Casualty of the fast track


THEY'RE SUPERACHIEVERS, shining stars in their hometowns, all-everything in college, rockets on the fast track. They come to Washington riding high, ready to flex their stardom for a new president.

They don't know the Imperial City, beneath the pomp and glitz, has brutal claws.

Once in the White House, they throw themselves into 7 a.m.-to-9 p.m. work, lunch at the desk, often Saturdays, too. No marathon is too tough, especially if the new president is a boyhood pal.

But things go wrong: Foul-ups, media firestorms, broadsides at the president's staff.

For someone accustomed to straight-A success, there can be a sour nightmare of guilt, disloyalty and failure -- an elevator in free fall. Maybe that's what happened to Vince Foster, a lanky, quiet, graying man who was the No. 2 lawyer in Bill Clinton's White House.

Nobody knows.

Or may ever know.

For Mr. Clinton, who grew up playing jackknives with Mr. Foster in the back yards of Hope, Ark., there was baffled anguish.

All that's certain is that Mr. Foster, 48, got into his 1989 Honda around 1 p.m. Tuesday and drove out the White House gates.

He'd stood in the background at the Rose Garden ceremony for a new FBI director, then watched televised hearings for Supreme Court nominee Ruth Ginsburg. After bitter flops of other presidential appointments he'd handled, Mr. Foster's mood should have been soaring.

"Hey, Vince, we hit two home runs today," exulted White House counsel Bernard Nussbaum. "Maybe we're getting the hang of this job."

That was the last conversation.

Mr. Foster drove six miles north on the George Washington Parkway to Fort Marcy Park. From the wooded, hilly glade he could look down at the Potomac River's gleam.

He could have been in another, peaceful country, far from the Imperial City's mean, noisy friction.

Maybe it felt like the right place.

Vince Foster leaned against a Civil-War-era cannon and, according to park police, shot himself with a .38 revolver.

Ironically for a man who'd blazed his career with words, briefs, paperwork, he didn't leave a note.

Because he was the president's lawyer and childhood buddy, Mr. Foster's death made network news. It was compared with Ronald Reagan aide Robert McFarlane's attempted suicide during Iran-contra and Defense Secretary James Forrestal's 1949 leap to death.

But in truth, whether it jolts the White House glamour or a backwoods village, every suicide leaves the same terrible riddle. Friends shuffle clues: "Why?" There's a blank wall.

They all speak of Vince Foster as a solid, super-bright workaholic. He was an arrow destined for this pinnacle: high-school athlete, Arkansas Law School star, Hillary Clinton's partner in the prestigious Rose Law Firm, voted the state's outstanding lawyer.

But not a man to flash emotions.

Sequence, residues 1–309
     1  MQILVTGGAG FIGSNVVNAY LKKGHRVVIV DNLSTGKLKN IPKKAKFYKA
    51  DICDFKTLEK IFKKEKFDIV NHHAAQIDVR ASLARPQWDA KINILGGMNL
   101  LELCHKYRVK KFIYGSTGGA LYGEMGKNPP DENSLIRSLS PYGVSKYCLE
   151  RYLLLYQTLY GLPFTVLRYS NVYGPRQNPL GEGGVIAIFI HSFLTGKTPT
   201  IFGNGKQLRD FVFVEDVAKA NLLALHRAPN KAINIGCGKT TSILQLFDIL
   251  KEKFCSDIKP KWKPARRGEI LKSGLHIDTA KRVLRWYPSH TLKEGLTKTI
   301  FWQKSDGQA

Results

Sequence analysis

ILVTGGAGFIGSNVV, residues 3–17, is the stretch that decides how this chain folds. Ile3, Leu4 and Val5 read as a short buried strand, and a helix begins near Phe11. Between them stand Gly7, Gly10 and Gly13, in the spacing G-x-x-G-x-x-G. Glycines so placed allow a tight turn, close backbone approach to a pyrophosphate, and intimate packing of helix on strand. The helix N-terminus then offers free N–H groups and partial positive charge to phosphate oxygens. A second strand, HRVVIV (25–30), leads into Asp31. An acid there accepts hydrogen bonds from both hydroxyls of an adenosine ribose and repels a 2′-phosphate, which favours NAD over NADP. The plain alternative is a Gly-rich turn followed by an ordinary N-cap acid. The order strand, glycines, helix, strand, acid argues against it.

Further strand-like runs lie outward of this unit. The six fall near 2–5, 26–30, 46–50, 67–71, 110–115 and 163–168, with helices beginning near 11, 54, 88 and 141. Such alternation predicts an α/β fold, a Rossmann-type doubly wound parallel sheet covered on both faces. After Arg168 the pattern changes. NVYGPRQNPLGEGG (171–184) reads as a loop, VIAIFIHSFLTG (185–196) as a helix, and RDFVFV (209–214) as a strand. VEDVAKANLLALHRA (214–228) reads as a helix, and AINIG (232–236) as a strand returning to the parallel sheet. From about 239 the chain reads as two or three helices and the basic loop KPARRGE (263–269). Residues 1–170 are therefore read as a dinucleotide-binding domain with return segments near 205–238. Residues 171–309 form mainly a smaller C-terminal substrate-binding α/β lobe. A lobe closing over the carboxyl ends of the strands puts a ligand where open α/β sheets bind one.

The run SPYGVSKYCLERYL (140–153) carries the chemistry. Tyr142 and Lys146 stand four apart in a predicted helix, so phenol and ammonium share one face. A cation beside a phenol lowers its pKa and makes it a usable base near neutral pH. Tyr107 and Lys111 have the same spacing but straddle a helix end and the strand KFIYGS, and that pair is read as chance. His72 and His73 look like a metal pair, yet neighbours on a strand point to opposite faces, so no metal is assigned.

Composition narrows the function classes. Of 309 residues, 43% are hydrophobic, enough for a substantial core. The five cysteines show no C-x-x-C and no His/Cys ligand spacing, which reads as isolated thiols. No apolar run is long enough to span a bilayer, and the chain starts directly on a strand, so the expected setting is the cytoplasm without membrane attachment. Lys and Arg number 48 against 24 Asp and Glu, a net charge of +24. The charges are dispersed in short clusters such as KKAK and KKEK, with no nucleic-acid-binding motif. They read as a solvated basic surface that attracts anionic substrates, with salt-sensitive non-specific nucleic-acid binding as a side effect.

"He was the Rock of Gibraltar while others were having trouble," said a pale, sorrowful Mr. Clinton. "I can't remember the reverse ever being true. What happened was a mystery inside him."

Mr. Clinton and White House aides circled the wagons around Mr. Foster's death: No, he hadn't seemed "unduly burdened" or "under stress." Their denials don't ring true.

Mr. Foster had been a player in Mr. Clinton's early fiascos: Withdrawals of Kimba Wood and Zoe Baird for attorney general; the disappointment of Judge Stephen Breyer for Supreme Court; the seamy shake-up of the White House travel office.

He was startled out of semi-anonymity a month ago by stinging Wall Street Journal editorials "Who is Vincent Foster?" and "Vincent Foster's Victory" that ridiculed him for hiding White House records and that compared him to Ollie North.

Asked if Mr. Foster might have felt guilt for letting down the presidency, Mr. Clinton flared, "I certainly don't think that's accurate."

But White House comrades said Mr. Foster had been depressed by the media focus on his job problems.

"He'd never been criticized in his life," said one. "He was uncomfortable under the Washington microscope."

Mr. Clinton, leaving a CNN-TV studio when he heard the news, rushed to the home of Mr. Foster's wife and three children. Mr. Clinton's memory rewound 42 years to Hope, Ark., when his grandparents' house adjoined Vince Foster's back yard.

"I just kept thinking of when we were young, sitting in the back yard, throwing knives in the ground, seeing if we were adroit enough to make them stick," mused Mr. Clinton.

Their game in the Imperial City would be for deadly stakes.

Mr. Clinton played therapist to his grief-shattered staff. He told them to slow down, smell the roses.

"Pay attention to friends and co-workers," advised Mr. Clinton. "Work can't be the only thing in life."

Too late for Vince Foster, his turmoil halted by a .38 bullet.

But the Washington game, with its bullying pressures and petty infamies, never stops.

Sandy Grady is Washington columnist for the Philadelphia Daily News.

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